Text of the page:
The country’s territorial integrity is now threatened by a hegemonic China. Given the Philippine military’s inability to defend the country against a dominant China, the Philippines moved closer to the United States, which provides the training and capability to protect its territory.
The Philippines is also vital to U.S. interests because it is a treaty ally that occupies a critical position in the U.S. defense perimeter in Asia – the architecture of the U.S. alliance that stretches from East Asia to the South China Sea and the western Pacific.
During their May 1 meeting, US President Joe Biden assured Marcos Jr that: “The United States remains ironclad in (its) commitment to the defense of the Philippines, including the South China Sea.”
A stronger alliance between the Philippines and the US has complicated the cost for China to challenge the Philippines on territorial issues. Given the advanced weapons, equipment and combat training of the US military, it is fully capable of deterring China’s advance in the South China Sea.
The increased presence of the U.S. military in the northern Philippines could also bolster more dynamic and collaborative operations in case China attempts to forcibly unify Taiwan with the mainland.
China’s treatment of the Philippines in the 2010s showed Beijing’s overconfidence as a new world power. During the tenure of former President Benigno Aquino Jr. — when the Philippines brought a case against China in 2013 in The Hague — China refused to participate in the trial period of three years.
Instead, Beijing continued to bend, imposing military exercises and trade sanctions on the Philippines. Beijing missed a critical opportunity to prove it respects the rule of law. During Duterte’s presidential term, Beijing squandered the opportunity to establish itself as a credible and benign great power to its neighbors.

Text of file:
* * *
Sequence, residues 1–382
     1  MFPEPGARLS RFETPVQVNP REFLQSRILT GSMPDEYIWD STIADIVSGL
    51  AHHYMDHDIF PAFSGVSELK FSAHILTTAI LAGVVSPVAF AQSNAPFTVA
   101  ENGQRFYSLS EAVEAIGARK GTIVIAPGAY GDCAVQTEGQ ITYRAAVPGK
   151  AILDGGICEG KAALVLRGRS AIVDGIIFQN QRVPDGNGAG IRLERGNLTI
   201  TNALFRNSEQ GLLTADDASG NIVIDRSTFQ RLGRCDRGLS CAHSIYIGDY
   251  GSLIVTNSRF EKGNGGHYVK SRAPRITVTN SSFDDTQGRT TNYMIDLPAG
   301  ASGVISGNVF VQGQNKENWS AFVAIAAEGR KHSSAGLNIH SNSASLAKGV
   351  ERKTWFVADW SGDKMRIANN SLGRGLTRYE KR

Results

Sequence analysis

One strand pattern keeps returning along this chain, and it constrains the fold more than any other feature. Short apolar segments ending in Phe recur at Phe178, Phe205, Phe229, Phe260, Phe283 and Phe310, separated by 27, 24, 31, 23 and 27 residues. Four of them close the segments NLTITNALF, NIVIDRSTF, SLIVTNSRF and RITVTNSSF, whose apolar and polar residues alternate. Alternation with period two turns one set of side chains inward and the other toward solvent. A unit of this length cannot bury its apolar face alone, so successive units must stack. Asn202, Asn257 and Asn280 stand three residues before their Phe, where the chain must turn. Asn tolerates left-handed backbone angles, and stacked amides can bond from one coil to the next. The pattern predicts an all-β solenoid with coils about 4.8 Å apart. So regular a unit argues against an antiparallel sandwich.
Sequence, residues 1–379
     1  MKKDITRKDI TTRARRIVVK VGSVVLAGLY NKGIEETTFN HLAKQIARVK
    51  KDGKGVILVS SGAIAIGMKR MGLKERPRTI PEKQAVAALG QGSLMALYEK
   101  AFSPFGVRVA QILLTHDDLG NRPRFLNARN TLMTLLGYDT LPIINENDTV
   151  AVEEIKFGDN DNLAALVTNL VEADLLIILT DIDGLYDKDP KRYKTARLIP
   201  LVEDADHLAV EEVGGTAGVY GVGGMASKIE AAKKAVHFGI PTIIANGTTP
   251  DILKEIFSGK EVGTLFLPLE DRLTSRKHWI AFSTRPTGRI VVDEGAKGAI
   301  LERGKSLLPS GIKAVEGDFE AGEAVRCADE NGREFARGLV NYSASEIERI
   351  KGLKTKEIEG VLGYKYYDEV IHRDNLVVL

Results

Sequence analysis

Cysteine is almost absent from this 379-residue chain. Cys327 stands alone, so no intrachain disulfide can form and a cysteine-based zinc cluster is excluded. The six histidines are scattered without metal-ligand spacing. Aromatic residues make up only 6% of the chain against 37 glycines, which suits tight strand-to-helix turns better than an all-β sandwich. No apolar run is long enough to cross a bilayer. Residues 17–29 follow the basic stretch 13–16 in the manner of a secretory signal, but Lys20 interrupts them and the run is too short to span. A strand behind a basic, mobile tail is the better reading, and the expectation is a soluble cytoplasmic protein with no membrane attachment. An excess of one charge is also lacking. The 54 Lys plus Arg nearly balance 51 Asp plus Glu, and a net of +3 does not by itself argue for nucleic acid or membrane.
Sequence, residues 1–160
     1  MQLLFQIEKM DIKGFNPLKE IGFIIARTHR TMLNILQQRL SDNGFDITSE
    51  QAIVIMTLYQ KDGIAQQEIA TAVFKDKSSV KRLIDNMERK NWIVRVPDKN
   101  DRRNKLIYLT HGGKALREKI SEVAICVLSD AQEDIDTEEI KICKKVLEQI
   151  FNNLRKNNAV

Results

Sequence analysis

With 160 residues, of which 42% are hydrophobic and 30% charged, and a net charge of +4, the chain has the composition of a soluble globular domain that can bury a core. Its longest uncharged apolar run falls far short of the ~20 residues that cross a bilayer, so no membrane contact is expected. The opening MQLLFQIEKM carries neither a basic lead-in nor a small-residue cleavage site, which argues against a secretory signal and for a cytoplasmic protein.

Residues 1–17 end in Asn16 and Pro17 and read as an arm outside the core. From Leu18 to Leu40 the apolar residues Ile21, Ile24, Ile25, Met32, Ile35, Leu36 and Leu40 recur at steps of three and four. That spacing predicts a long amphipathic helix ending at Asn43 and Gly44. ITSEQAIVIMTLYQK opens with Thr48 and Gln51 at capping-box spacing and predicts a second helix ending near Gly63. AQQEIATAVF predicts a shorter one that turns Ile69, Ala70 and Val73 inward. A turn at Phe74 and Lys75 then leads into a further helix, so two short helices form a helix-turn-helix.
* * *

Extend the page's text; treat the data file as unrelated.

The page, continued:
Philippine and United States Marines during a surface-to-air missile simulation as part of Kamandag joint exercises on Oct. 10, 2019. Photo: Lance Cpl. Brienna Tuck / U.S. Marine Corps
Beijing left Manila with little choice but to take the next best course of action, which was to strengthen its alliance with the United States to balance the threat from China. This is not to say that the relationship between China and the Philippines is hopeless.
China can take time to review its foreign policy and learn from the unexpected consequences of its actions. Beijing’s violent policy towards Manila has only exacerbated tensions and has proved unsustainable in the context of fierce power competition for influence in Asia.
But Manila could benefit from warmer US-Philippine ties to address critical issues beyond the security realm. The Philippines can join like-minded countries in addressing their vulnerabilities, including China’s trade dependency and other economic security and resilience issues.
Jenny Balboa is a lecturer at Tokyo University of Foreign Studies and at the Department of Global and Interdisciplinary Studies, Hosei University. Shinji Takenaka is a senior economist at the Japan Center for Economic Research.
This article was originally published by East Asia Forum and has been republished under a Creative Commons license.